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Concave Reamer Blades

IP.com Disclosure Number: IPCOM000249100D
Publication Date: 2017-Feb-06
Document File: 6 page(s) / 828K

Publishing Venue

The IP.com Prior Art Database

Abstract

State of the art reamer blades for downhole tools feature a straight or convex drilling structure. This invention features a concave reamer blade design. The advantages of the new design will be: less torque generated, less risks of back-offs, less lateral and torsional vibrations, higher weight on reamer (WOR) capability. Furthermore Depth of cut (DOC) control measures can be applied with this new design, leading to an optimal aggressiveness of the blades, resulting in less stick slip.

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Concave Reamer Blades

Abstract:

State of the art reamer blades for downhole tools feature a straight or convex drilling structure. This invention features a concave reamer blade design. The advantages of the new design will be: less torque generated, less risks of back-offs, less lateral and torsional vibrations, higher weight on reamer (WOR) capability. Furthermore Depth of cut (DOC) control measures can be applied with this new design, leading to an optimal aggressiveness of the blades, resulting in less stick slip.

Goal of this proposal is to overthink the actual reamer blade design and aiming for a design which induces less vibrations and increases drilling stability. Therefore a new design for reamer blades is proposed as a foundation for this progress.

Description:

With reamers, there are two cutting structures in the drillstring – reamer and bit. Both will induce drilling dynamics into the drillstring. That’s why it is important to match those two drilling structures together. But this is difficult.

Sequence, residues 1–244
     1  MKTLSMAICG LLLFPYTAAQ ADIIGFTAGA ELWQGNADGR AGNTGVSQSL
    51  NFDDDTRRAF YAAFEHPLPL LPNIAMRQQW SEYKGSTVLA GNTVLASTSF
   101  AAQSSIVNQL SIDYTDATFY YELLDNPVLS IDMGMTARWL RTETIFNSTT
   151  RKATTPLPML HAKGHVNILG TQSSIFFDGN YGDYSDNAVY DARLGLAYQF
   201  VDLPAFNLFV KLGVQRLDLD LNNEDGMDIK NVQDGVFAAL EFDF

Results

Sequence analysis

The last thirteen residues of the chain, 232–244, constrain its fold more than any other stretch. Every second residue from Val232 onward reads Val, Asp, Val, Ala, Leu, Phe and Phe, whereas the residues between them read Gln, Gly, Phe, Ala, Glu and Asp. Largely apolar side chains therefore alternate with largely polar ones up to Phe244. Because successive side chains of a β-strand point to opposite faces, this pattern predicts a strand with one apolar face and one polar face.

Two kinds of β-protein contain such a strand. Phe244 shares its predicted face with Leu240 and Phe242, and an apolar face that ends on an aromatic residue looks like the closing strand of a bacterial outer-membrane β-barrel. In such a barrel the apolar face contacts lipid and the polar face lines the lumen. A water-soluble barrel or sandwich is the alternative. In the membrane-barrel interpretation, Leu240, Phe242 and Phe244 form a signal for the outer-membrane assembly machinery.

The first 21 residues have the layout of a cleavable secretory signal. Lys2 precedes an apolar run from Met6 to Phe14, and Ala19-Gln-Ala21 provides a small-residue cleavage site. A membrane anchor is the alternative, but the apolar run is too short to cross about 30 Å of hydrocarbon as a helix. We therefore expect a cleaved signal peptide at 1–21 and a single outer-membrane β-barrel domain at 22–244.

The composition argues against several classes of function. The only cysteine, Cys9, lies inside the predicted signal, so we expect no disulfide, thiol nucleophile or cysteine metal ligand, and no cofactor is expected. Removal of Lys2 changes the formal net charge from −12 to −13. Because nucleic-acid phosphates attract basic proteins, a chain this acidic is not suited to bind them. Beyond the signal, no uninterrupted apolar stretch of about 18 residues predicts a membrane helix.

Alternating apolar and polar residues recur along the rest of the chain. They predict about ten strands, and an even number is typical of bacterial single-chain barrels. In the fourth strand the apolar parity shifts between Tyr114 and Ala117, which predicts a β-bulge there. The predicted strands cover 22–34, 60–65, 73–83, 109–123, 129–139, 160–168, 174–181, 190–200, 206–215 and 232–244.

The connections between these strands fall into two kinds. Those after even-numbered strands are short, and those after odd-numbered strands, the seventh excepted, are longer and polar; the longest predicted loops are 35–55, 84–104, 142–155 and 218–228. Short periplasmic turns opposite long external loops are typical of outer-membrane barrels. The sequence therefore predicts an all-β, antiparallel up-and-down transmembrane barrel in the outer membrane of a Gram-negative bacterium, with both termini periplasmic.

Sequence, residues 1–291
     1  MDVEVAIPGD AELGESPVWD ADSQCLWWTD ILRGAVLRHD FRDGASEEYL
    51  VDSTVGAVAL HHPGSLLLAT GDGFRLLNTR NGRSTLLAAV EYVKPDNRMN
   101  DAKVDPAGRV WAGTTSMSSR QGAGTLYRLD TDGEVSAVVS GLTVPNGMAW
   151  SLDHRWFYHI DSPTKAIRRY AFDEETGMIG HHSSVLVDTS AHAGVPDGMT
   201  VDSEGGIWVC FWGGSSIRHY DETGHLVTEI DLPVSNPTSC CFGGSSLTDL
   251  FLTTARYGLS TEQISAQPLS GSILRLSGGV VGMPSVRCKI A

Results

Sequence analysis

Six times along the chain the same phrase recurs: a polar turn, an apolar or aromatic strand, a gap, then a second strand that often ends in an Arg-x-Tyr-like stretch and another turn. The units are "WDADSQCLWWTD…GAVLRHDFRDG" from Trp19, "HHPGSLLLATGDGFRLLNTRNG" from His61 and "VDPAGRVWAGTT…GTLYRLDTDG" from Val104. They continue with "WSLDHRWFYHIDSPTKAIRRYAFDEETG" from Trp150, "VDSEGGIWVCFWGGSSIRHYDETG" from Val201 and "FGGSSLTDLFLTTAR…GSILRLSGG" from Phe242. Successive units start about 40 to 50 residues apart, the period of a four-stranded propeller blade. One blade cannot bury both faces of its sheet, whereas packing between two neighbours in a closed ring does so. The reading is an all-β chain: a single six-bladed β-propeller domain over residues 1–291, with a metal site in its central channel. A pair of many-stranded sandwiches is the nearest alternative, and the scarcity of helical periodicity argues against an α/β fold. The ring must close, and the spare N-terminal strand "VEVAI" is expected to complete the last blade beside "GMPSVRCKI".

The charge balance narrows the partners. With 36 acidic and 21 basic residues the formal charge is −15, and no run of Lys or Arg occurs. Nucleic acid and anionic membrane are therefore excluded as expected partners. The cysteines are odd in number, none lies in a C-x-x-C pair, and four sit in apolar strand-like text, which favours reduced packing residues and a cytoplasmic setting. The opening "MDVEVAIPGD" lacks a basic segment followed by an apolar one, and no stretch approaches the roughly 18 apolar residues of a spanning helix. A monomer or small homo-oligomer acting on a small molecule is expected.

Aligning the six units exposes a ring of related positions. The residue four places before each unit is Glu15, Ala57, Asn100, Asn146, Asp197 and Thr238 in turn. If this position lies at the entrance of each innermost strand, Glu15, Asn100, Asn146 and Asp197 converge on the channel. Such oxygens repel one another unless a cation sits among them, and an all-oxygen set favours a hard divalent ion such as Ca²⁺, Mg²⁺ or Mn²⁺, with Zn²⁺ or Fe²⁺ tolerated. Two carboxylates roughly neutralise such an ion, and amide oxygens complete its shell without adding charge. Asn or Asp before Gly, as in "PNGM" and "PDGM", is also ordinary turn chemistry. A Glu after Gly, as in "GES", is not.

State of the art bits have a lot of flat angle cutters and just a few gauge cutters (outer most cutters). The reason for this is that the flat angle cutters are able to take a lot of weight, while the gauge cutters induce a lot of torque into the drillstring. Studies showed that “[…] long profile/cone shaped bits are more prone to stick-slip” (Jain, et al., 2011).

State of the Art reamers have long blades with a lot of gauge cutters. The reason behind this shape is, that the outer most part of a bit was taken, scaled up to the desired size and loaded with cutters. These cutters, mostly all of them, are placed on the gauge, which results in high torque values during reaming. The blades are shown on the left side of the following Figure 1, the bit that was reviewed in (Jain, et al., 2011) on the right. The shape of the blades of the unfavorable bit is looking nearly identical to the state of the art reamer blades.

Figure 1: left: State of the Art Reamer Blade; right: prone to stick-slip bit (Jain, et al., 2011)

The past showed that there were some incidents where high torque values on the reamer resulted in a stick slip of the reamer, while the pilot BHA (BHA below the reamer) was spinning freely. The bit outdrilled the reamer. Ultimately this lead to a back off of the drillstring below the reamer because of its rotational inertia.

Too aggressive drilling structures are also more prone to stick slip than less aggressive ones (Jain, et al., 2011). Knowing this, reamer blades should be designed to be less prone to stick slip due to the below hanging pilot BHA that can otherwise be backed off.

Furthermore new measurements showed that reamers induce high lateral vibrations into a drillstring. The result during reaming looked like shown in Figure 2 (vertical axis unit: [g]). Reducing those vibrations that are mainly a result from the drilling structure would be beneficial for the whole reaming-service.

Figure 2:  measurements during rea...